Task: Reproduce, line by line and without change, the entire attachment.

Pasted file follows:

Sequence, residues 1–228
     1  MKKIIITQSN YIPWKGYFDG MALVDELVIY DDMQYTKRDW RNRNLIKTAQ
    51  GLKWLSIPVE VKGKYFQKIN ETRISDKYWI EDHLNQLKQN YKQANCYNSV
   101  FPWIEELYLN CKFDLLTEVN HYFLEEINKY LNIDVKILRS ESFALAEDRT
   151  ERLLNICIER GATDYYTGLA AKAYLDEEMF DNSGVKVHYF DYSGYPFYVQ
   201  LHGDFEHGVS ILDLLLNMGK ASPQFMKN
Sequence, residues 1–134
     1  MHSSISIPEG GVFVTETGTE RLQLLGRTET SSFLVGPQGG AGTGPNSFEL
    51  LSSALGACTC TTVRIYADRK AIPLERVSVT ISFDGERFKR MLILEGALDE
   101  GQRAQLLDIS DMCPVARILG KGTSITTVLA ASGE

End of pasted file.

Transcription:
Sequence, residues 1–228
     1  MKKIIITQSN YIPWKGYFDG MALVDELVIY DDMQYTKRDW RNRNLIKTAQ
    51  GLKWLSIPVE VKGKYFQKIN ETRISDKYWI EDHLNQLKQN YKQANCYNSV
   101  FPWIEELYLN CKFDLLTEVN HYFLEEINKY LNIDVKILRS ESFALAEDRT
   151  ERLLNICIER GATDYYTGLA AKAYLDEEMF DNSGVKVHYF DYSGYPFYVQ
   201  LHGDFEHGVS ILDLLLNMGK ASPQFMKN
Sequence, residues 1–134
     1  MHSSISIPEG GVFVTETGTE RLQLLGRTET SSFLVGPQGG AGTGPNSFEL
    51  LSSALGACTC TTVRIYADRK AIPLERVSVT ISFDGERFKR MLILEGALDE
   101  GQRAQLLDIS DMCPVARILG KGTSITTVLA ASGE